Exploring spirituality somewhere between the Emerald Isle and the Black Land....

Monday, March 3, 2014

Polytheism 101: Ritual

The third post in my "Polytheism 101" series will cover the basics of ritual. Though I will be referencing certain Kemetic viewpoints in regards to ritual, the actions and ideas behind them will be the same for any practicing polytheist. I feel I should also note that though this series is called "Polytheism 101," the ideas and methods shared here can be applied to just about any Pagan path.

There are a number of actions that many polytheistic/recon rituals share, and I have listed them below. These are what I consider to be the basic steps to performing a ritual.

Calling the deity
Before starting your ritual, you may find that it helps to invite your deities to join you. Some people call them by playing an instrument, ringing a bell, singing, or chanting. Others say a simple prayer, such as "Sekhmet, O powerful One, please join me for this ritual." Many also find it fitting to greet the deity with a bow. You can do any or all of these things. The most I do is ring a bell and call the deity's name before bowing.

Lighting the candle
In a Kemetic sense, the candle flame is representative of the sun and therefore the victory of Ra as he emerges from the underworld (or the forces of ma'at as they defeat the forces of isfet). Lighting the candle is also symbolic of Zep-tepi, The First Time, when Ra (or Atum, or whichever creator deity floats your boat) came into being and everything began. This isn't too far off from the meaning of the ritual flame in other traditions. The flame establishes the beginning of the ritual as the beginning of something new and significant, and/or the establishment of something powerful and good over the symbolic darkness. If you want to say a prayer while lighting a candle, something like "As Shapsu rises over the horizon, I light this candle" or "I light this candle for you, O Morrighan. May it shine as victoriously as you" will do.

Offering the incense
I read somewhere - and I can't remember for the life of me where exactly - that that the Egyptian word for incense (senetjer) means "to make divine." Whether or not this is true, and whether or not you follow a Kemetic path specifically, that phrase is fitting. Incense marks a space and moment as being sacred, and is very much beloved by the gods. And if you are anything like me, it goes a long way in putting you in a ritualistic headspace. I think it's also worth noting at this point that while both a candle and incense can be given as offerings in and of them selves, they both serve the purpose of establishing sacred space. For this reason I consider them to be ritual tools as much as they are offerings. If you wish, you can say something along the lines of, "I offer this incense to you, O Wepwawet. May its scent please you."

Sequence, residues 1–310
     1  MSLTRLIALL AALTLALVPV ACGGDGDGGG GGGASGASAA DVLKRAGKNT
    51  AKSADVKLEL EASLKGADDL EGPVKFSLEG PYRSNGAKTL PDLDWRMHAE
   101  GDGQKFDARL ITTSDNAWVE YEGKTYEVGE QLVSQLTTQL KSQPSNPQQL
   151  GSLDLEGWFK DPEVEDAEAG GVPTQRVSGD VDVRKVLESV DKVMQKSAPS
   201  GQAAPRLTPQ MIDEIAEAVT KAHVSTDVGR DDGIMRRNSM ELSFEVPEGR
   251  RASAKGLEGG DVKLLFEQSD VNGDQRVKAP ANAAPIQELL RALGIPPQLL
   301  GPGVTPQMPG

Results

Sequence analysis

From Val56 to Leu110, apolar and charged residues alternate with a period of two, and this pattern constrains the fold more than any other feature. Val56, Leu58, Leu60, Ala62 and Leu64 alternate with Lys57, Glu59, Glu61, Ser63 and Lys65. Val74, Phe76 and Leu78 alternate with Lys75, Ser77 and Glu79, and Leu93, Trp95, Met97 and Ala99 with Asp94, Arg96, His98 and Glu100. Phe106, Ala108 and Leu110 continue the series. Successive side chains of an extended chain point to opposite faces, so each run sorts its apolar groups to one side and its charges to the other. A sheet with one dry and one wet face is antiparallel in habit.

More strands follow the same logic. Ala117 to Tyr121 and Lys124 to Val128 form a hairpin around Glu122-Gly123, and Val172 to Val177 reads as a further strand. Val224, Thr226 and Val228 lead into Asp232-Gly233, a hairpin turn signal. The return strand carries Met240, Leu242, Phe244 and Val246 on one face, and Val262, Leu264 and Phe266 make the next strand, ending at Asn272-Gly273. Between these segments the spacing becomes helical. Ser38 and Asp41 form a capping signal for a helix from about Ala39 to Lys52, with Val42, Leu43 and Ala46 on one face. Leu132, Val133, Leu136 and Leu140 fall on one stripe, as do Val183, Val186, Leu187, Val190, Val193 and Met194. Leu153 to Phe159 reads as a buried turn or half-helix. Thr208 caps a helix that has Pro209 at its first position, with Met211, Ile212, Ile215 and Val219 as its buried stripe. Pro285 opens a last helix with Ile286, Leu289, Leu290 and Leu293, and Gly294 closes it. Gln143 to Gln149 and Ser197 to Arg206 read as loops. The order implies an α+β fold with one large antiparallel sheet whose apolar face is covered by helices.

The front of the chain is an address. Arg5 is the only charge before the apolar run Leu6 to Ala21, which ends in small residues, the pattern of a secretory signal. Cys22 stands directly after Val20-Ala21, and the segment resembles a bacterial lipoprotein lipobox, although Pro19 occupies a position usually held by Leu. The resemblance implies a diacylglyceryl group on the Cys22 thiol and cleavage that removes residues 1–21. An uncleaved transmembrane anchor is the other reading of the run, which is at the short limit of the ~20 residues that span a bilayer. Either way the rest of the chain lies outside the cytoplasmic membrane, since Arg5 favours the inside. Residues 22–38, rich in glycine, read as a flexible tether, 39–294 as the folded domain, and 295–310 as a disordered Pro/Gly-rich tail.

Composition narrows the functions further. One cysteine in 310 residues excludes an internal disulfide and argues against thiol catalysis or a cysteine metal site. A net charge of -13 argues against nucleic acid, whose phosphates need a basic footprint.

Libations are liquid offerings which are poured into a dish or, if your ritual is outdoors, onto the ground itself. Wine is commonly used, but other liquors, water, or milk can also be used. Since my practice is primarily Kemetic, I use water. In this context, the libation represents the life-giving abundance of the inundation. Of course, the theme of abundance and refreshment still works with other pantheons. You can accompany your libation with a prayer like "O Dadga, I pour this libation for you, that it will rejuvinate you."

Giving the food offering
At this point, it is time to give the food offerings. I often accompany these offerings with a prayer. You can say something simple, such as "O Brighid, please accept these offerings. May they satisfy and strengthen you." Only a small amount of food is needed to give to the gods. If you are having a feast as part of your ritual, you may choose to offer the entirety of the feast to the gods, in which case you would still give them their own portion of food.

Ritual action
Now is the time to perform your magic, meditate, pray, feast, or do whatever it is that you are performing the ritual to do. If consuming the food offerings is part of your practice, you will either eat them at this point, or wait until sometime after the ritual has concluded to return to the shrine and eat them. Kemetics call this "reverting the offerings," and only requires a simple prayer before you eat them, like "O Bast, receive your offerings from me." The majority of my rituals are done for the sole purpose of giving offerings to my gods, so I usually just take a couple of minutes here to pray, meditate, or just sit there quietly and enjoy the deity's company.

Closing the ritual
Kemetics know this as "removing the foot." Thank and bid farewell to the gods, extinguish the candle, and remove the libation and food offerings (or offering dishes if you have consumed them as part of the ritual action). If you intend to eat the offerings later, leave them at the shrine until you are ready to do so. Once you are ready to leave the shrine space, bow, then take a few steps backwards before turning away from the shrine.

And that's pretty much it. Hopefully now you're ready to perform your own rituals with confidence!

Other posts in the Polytheism 101 series include "Building a Shrine" and "Offerings."

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